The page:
Oct 2, 2023

ATLAS achieves highest-energy detection of quantum entanglement

Posted by in categories: particle physics, quantum physics

Quantum entanglement is one of the most astonishing properties of quantum mechanics. If two particles are entangled, the state of one particle cannot be described independently from the other. This is a unique property of the quantum world and forms a crucial difference between classical and quantum theories of physics. It is so important, the 2022 Nobel Prize in Physics was awarded to Alain Aspect, John F. Clauser and Anton Zeilinger “for experiments with entangled photons, establishing the violation of Bell inequalities and pioneering quantum information science”.

The large mass of the top quark, which is greater than any other particle, remains one of the most enduring mysteries of the Standard Model. Why this is so remains unexplained, however, the top quark has many unique properties to exploit as a result. The top quark is so heavy that it is extremely unstable and decays before it has time to hadronise, transferring all of its quantum numbers to its decay particles. Physicists can detect these decay particles and thus reconstruct the quantum state of a top quark, a feat that is impossible with any other quark. Most importantly, they can measure its spin and use it to show that entanglement can be studied in top-quark-pair production at the LHC.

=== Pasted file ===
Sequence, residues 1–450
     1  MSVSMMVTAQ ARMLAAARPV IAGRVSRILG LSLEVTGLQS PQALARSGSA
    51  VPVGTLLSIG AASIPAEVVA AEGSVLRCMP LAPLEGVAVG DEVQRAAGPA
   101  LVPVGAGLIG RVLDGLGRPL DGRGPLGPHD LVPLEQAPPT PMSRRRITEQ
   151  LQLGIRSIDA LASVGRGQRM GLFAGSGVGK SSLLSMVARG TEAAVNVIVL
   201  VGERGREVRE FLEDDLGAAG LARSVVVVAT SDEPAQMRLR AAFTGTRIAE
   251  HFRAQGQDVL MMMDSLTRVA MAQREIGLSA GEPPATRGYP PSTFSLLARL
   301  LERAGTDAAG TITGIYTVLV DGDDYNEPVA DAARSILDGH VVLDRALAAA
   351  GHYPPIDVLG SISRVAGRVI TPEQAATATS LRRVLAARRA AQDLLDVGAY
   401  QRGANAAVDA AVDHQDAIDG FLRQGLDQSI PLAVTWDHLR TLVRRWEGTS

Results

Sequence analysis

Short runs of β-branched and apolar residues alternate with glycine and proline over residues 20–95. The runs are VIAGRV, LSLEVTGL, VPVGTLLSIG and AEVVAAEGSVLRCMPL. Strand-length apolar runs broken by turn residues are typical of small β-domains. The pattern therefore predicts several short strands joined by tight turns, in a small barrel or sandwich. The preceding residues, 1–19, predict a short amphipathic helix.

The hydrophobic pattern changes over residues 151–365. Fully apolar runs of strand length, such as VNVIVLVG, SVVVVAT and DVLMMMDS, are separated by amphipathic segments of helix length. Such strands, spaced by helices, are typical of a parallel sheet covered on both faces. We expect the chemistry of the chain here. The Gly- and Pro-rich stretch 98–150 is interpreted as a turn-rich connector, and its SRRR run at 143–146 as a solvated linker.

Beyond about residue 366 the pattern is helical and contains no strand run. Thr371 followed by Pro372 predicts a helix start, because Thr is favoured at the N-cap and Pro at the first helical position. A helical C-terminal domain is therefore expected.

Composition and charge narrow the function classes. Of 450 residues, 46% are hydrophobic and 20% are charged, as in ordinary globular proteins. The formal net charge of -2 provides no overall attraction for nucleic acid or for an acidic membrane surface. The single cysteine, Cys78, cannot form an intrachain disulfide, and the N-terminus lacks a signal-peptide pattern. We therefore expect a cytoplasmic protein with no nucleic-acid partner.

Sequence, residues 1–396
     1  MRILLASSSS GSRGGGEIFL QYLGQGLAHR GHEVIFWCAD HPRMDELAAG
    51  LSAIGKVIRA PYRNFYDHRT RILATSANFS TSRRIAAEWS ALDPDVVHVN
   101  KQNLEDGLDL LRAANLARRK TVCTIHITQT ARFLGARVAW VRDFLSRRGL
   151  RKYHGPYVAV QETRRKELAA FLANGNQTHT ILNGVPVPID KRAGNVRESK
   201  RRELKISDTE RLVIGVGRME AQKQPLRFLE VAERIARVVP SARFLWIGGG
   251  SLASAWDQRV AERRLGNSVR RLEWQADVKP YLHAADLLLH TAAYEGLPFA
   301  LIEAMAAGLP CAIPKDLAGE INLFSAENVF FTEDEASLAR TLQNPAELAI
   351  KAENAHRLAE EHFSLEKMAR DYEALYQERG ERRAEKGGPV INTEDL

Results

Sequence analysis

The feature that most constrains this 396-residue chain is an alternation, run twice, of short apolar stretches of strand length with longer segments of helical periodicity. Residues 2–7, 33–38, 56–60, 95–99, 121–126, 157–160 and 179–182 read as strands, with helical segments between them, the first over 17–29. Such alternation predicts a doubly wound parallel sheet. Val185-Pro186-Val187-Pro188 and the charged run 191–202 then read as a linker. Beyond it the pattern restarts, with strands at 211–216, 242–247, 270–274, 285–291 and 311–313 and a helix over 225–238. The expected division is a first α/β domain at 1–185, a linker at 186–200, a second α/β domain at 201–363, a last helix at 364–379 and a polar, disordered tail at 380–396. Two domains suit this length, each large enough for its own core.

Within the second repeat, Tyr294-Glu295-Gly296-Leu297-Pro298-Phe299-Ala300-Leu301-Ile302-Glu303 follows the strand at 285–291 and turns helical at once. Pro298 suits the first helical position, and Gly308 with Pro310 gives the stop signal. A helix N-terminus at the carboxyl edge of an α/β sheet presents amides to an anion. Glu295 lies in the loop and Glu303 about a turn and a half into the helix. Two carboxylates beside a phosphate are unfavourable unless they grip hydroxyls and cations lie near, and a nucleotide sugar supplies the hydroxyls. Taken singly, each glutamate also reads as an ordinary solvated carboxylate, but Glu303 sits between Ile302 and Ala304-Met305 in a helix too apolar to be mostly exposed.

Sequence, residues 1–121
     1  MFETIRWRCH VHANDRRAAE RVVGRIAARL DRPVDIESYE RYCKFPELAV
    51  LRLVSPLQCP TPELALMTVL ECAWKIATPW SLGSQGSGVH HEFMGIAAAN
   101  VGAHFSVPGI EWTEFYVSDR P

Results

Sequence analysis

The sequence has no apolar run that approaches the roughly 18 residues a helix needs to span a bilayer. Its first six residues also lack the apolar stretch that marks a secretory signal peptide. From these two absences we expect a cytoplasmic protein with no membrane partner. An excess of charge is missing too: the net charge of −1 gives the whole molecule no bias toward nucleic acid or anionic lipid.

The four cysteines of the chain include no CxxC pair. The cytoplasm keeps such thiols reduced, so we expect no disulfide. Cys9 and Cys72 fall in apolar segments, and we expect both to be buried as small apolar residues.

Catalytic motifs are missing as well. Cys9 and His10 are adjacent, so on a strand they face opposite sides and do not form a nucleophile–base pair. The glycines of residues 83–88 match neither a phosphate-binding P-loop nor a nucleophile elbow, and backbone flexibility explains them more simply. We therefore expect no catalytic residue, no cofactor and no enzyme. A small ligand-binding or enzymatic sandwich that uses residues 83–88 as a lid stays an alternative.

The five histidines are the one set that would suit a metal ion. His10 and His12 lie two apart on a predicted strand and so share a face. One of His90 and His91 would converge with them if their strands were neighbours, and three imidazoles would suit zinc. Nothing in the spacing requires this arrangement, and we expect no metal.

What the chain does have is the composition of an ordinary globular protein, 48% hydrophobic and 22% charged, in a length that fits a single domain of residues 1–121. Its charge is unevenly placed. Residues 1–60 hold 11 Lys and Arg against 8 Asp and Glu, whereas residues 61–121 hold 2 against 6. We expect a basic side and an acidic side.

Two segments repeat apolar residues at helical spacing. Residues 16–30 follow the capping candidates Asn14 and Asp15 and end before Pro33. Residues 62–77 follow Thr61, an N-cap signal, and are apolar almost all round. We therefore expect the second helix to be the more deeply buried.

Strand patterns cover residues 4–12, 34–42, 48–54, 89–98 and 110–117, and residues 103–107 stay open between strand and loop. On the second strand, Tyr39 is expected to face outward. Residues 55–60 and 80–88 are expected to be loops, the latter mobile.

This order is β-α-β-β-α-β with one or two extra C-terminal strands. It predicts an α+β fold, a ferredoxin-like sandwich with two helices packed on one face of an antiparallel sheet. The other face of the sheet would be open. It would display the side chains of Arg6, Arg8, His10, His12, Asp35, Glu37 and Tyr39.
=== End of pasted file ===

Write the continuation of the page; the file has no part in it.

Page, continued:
Entanglement has indeed been measured in the past, but not quite like this. Most previous entanglement measurements involved low non-relativistic energies, typically utilising photons or electrons. The LHC collides protons with an incredibly high centre-of-mass energy. The data used in ATLAS’ new measurement were obtained from collisions at 13 TeV collected between 2015 and 2018. This means researchers are delving into an energy scale over 12 orders of magnitude (a thousand billion times) higher than typical laboratory experiments.

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